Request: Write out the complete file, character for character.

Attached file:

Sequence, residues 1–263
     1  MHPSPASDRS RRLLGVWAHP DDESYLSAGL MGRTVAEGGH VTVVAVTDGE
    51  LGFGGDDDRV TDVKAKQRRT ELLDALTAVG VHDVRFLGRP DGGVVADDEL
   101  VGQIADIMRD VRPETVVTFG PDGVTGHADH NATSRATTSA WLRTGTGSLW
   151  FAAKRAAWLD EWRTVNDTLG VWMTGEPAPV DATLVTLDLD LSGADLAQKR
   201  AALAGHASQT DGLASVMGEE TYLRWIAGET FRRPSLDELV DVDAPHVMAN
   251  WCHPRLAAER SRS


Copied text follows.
Sequence, residues 1–263
     1  MHPSPASDRS RRLLGVWAHP DDESYLSAGL MGRTVAEGGH VTVVAVTDGE
    51  LGFGGDDDRV TDVKAKQRRT ELLDALTAVG VHDVRFLGRP DGGVVADDEL
   101  VGQIADIMRD VRPETVVTFG PDGVTGHADH NATSRATTSA WLRTGTGSLW
   151  FAAKRAAWLD EWRTVNDTLG VWMTGEPAPV DATLVTLDLD LSGADLAQKR
   201  AALAGHASQT DGLASVMGEE TYLRWIAGET FRRPSLDELV DVDAPHVMAN
   251  WCHPRLAAER SRS